That would give you the correct voltage.
So if you have 23" flywheels, your generator should have an 8.3" pulley.
(Assuming you are driving the generator using a belt around the flywheel)

Hey, yes, thanks

We have 50Hz power down here - so 1500 RPM.  The flywheel is around 605mm diameter and my driven flat pulley is around 205mm (I'm working with what I have lying around here) from memory so a nominal 510-ish RPMs is probably about right

If it'll be happy making 4Hp at 500 RPM - say 2500 watts - that'd be (allowing for losses) a theoretical 150-ish amps I could get out of a battery charger attached to the gen-head.  In practise that's probably twice what I'd need or want . . . so if the Lister's happy to putter along doing that - well, there's potential there

I have to take the head off the old girl one weekend as there had been cooling water getting into the combustion chamber.  I had also thought that the COV was faulty and had taken it apart and swapped another one in - with no change; it still didn't like running on the low-compression setting.  But I'm leaning towards thinking the head gasket is causing me a loss of compression somewhere - and it's simply not getting enough compression to be happy with the COV "out"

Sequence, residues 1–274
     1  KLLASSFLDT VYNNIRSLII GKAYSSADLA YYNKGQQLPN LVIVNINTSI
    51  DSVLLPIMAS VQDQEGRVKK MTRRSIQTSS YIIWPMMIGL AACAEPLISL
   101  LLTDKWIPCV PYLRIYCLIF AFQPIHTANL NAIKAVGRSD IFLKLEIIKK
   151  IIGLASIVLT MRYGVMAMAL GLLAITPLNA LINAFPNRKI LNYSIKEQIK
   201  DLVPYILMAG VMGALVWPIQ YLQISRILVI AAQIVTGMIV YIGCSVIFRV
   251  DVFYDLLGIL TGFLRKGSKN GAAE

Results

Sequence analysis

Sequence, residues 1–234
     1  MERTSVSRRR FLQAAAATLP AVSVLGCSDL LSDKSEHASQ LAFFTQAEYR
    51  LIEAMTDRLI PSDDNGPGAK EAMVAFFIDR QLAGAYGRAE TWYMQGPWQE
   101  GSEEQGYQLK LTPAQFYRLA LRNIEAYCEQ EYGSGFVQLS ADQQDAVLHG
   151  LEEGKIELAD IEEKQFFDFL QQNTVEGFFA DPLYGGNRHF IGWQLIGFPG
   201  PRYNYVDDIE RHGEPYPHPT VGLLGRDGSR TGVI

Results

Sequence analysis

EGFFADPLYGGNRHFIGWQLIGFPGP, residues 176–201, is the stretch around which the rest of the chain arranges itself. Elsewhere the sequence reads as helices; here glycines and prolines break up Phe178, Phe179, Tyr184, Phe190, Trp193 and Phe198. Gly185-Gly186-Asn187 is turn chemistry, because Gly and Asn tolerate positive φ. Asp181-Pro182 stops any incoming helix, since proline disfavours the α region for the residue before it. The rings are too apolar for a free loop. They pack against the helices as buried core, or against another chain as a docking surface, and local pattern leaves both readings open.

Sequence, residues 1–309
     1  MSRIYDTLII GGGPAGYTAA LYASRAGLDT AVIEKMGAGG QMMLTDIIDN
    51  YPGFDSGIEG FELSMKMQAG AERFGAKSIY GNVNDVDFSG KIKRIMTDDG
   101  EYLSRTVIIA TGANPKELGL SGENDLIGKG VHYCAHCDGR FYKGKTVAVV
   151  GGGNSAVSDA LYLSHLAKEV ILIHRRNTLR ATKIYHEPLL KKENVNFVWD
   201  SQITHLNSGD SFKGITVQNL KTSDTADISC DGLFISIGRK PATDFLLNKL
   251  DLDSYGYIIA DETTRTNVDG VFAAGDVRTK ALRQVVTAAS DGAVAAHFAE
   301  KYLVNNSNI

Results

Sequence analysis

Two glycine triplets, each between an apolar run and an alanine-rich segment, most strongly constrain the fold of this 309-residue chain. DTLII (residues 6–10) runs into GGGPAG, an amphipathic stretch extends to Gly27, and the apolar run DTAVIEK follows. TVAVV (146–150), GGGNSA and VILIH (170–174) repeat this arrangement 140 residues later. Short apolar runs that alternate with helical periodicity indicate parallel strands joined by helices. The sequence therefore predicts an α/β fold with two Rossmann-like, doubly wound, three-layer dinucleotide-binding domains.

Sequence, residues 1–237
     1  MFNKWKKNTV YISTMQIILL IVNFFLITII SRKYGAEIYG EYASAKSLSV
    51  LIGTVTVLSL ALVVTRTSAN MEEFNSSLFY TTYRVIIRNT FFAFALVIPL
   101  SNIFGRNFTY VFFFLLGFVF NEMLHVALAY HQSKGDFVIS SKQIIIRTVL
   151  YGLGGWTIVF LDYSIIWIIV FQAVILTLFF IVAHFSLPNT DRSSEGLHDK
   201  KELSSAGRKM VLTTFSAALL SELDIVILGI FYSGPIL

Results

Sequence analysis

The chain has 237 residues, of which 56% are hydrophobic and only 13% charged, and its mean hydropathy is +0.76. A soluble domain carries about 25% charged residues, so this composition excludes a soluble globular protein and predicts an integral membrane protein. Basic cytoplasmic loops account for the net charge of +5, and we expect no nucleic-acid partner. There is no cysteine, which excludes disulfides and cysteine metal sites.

We'll see what it has to say for itself once the head is off

Next up is a temp fit of my Markon head anyway to see how that works.  I have a 115mm nominal pulley there; so for 3150 RPM no-load it'll need a happy 600 RPMs - we;ll see what happens there

Cheers

6
Lister Based Generators / 6/1 driving ST clone 260 VAC
« on: May 17, 2022, 11:04:28 PM »
Hi guys

Thanks for your advice recently re the Chinese ST head

I temp-fitted it to the CS last weekend with a flat-belt drive

At 650-ish RPMs it was making something like a scary 380 VAC.  I lowered the engine speed in stages until at 528 RPM on the Lister it was producing a no-load 260 VAC.  No idea what the waveform will be like - that's a question for another day

See link attached for a short video of it running?

https://www.youtube.com/shorts/TC9fY1mfnfs

The Youtube guys have done a better-than-normal job of reducing the video quality to "awful" - but what the hell